So I guess for me, getting in to character is something you do over a whole rehearsal period.
What has been your most memorable experience as an actor?
Hm. Probably because it’s a fresh memory, but playing ‘DHH’ in “Yellow Face” recently. I got a chance to work on a play that touches on so many aspects of my work in theater up to now. Issues of self-identification, the power and the pitfalls of the Asian American theater movement and it’s place in the larger Asian American movement, anti-Asian sentiment in America and ultimately, how personal it is, including our relationships to our family.
When it comes to auditions, what has been your most awkward/fail one you have had so far?
I was brought in for an audition and it became clear they thought I was Gedde Watanabe…
Acting requires a tremendous lot of work, both physically and mentally. How do you keep yourself active and level-headed?
I like to play basketball, but I’m not very good, so I get exercise and humiliation at the same time.
But, I guess the harder thing is to keep your spirits up when nothing is coming your way, when you see fucked up things like “the Last Airbender” or hear Adam Carolla doing his “ching chong, ching chong” bit on the radio. It makes you feel like: not only are a lot of people racist assholes when it comes to Asians and Asian Americans, but nobody seems to care that they are.
The only answer is to try and find projects (whether they pay or not) which feed your soul. There’s nothing like working with talented people you like, on material you love and believe in.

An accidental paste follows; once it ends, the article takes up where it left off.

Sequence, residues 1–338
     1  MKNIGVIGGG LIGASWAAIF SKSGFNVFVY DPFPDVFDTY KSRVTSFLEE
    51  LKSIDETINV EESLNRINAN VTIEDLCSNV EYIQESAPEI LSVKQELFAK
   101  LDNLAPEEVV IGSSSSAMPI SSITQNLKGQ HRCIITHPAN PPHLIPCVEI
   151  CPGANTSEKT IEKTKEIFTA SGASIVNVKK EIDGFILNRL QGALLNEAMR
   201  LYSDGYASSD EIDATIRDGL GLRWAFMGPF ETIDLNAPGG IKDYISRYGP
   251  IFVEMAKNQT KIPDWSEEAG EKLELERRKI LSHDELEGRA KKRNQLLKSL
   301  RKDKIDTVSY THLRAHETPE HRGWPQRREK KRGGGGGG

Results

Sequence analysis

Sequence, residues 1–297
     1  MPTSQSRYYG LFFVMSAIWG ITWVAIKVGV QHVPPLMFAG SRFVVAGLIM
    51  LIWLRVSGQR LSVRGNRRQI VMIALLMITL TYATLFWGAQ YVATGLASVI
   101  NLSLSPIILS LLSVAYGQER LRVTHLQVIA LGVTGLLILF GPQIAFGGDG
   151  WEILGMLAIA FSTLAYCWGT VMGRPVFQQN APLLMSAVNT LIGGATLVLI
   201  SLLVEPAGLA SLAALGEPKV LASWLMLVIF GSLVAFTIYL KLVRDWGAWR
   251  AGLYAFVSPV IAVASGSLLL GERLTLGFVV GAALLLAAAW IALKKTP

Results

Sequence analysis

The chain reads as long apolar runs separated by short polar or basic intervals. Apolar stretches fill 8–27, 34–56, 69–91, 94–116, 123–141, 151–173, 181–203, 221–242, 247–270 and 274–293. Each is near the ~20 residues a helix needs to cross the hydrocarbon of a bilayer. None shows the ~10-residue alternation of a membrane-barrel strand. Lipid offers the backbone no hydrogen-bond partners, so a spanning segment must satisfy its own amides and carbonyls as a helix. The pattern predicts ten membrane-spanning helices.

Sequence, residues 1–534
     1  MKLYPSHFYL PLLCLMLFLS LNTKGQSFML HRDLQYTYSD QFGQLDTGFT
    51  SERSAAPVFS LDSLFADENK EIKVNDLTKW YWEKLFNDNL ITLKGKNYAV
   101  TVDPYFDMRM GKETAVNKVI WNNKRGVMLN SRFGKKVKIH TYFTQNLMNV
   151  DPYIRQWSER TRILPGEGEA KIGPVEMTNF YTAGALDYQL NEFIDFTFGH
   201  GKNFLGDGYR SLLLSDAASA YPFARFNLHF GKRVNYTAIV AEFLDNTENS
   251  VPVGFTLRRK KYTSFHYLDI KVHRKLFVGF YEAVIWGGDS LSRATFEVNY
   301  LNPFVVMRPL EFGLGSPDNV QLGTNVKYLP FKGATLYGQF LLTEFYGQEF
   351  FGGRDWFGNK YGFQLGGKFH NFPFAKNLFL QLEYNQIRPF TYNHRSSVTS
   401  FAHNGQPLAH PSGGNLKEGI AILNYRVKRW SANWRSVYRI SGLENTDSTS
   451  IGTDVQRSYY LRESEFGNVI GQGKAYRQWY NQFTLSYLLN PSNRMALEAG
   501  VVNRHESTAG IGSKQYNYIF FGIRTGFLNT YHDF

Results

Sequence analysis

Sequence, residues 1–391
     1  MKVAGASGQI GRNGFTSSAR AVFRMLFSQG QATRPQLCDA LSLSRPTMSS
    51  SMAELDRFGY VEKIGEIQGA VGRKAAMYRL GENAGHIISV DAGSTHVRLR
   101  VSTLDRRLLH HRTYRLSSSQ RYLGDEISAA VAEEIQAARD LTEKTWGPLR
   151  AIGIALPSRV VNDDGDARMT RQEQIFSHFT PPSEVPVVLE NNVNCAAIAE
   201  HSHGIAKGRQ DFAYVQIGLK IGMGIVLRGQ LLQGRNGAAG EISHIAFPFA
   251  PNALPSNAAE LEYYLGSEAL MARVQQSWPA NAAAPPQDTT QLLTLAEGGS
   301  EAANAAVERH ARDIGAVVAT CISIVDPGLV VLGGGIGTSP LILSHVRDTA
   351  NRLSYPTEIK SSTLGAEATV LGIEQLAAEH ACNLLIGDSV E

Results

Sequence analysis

Does your Asian community play any determining factor in your decisions as an actor? (is. taking on roles that may be deemed “stereotypical”)
Yes. The more you experience of the community, the more you bring that to everything you work on. It becomes a part of you, and what you are is what you have to offer as an actor.
As for stereotypical work, or harmful, negative portrayals: sometimes it’s totally self-evident in the material, and other times it depends on how it’s treated. You just have to trust your instincts.
Who would you love to work with, whether directors, writers, or other actors?
Off the top of my head: I’d love to work with Culture Clash. I think there are such great stories out there that involve the intersection of the latino and Asian American community. And those guys are just so good at what they do.
Let your imagination run free. If you could create your own story you want to put on screen or on stage, what would it be about?
I would love to a major motion picture about the Asian American movement.
Where do you see yourself in the future in terms of what you would like to accomplish?
I just want to keep working. And be able to afford dental insurance.
What advice would you like to give to aspiring actors?
Only do it if you appreciate the process: the auditioning, the table work, the rehearsal, the tech, the repetition…because at the end of the day, that’s all there is. If you’re doing it for any other reason than enjoying the process itself, then you probably shouldn’t do it.
What is your favorite junk food of all time?
Chinese preserved plums. Peanut butter cups are pretty close though.